India Ranks 'Very Low' In Women Entrepreneurship
On a day when ‘Digital India’ project begins as an initiative to foster digital businesses, a new scorecard from Dell shows a startling fact on the wide gender gap that is limiting economic potential of women entrepreneurs in the country. When it comes to opportunities for women to start entrepreneurial initiatives, India is placed in the “bottom three” among 31 countries as lack of equal rights hinder their opportunities, says the report.
The 2015 scorecard that evaluates 31 countries, ranked India at the 29th position, followed by Pakistan (30th) and Bangladesh (31st). The United States topped the list due to predominantly favourable business environment and women’s job mobility in the private sector registering an overall score 71 percent. Sweden and the UK made to the top five positions with 68 percent and 65 percent, respectively.
According to the report, in India only 4 percent of Chief Executive Officers (CEOs) are women, while one in 10 board members are female and in case of senior management, the figure stood at around 15 percent.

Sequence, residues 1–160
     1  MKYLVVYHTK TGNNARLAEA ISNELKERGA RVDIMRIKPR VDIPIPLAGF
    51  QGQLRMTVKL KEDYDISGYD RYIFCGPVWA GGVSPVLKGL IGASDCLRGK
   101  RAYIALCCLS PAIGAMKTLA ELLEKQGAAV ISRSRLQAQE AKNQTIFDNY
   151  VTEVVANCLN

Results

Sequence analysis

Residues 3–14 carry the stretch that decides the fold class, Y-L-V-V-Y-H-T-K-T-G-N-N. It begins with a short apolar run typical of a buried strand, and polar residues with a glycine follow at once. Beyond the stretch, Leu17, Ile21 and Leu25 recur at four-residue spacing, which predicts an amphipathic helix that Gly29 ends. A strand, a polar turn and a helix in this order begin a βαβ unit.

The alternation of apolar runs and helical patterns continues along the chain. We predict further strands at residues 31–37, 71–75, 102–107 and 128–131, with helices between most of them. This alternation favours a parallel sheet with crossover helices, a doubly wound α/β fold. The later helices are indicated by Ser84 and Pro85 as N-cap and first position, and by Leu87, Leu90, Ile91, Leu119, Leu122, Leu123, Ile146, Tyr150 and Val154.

“In India, few women see opportunities or have the skills and are hindered by lack of equal rights, access to education and the Internet,” it said.
The report also noted a wide disparity among countries when it comes to access to fundamental resources such as education, internet, bank accounts and Small and Medium Enterprise (SME) training programs. More than 70 per cent of the 31 countries in the study score below 50 percent demonstrating a significant growth gap between female and male-owned businesses worldwide, it revealed.
Interestingly, only four countries, China, Brazil, Malaysia, Nigeria, report women holding 5 per cent of the CEO positions of the largest publicly-traded companies, while in just three countries, Poland, Jamaica and Russia, women make up 35 per cent or more of senior management.
“The success of entrepreneurs and small businesses is critical for a thriving global economy, and at Dell we believe women entrepreneurs must play a much more prominent role in business and leadership in the future,” said Karen Quintos, senior vice president and chief marketing officer, Dell.
As part of Dell’s initiative to support women entrepreneurs, Dell is partnering with the Cherie Blair Foundation for Women to match emerging female entrepreneurs in developing economies with mentors from the #DWEN network and Dell team members to help their businesses grow and thrive.
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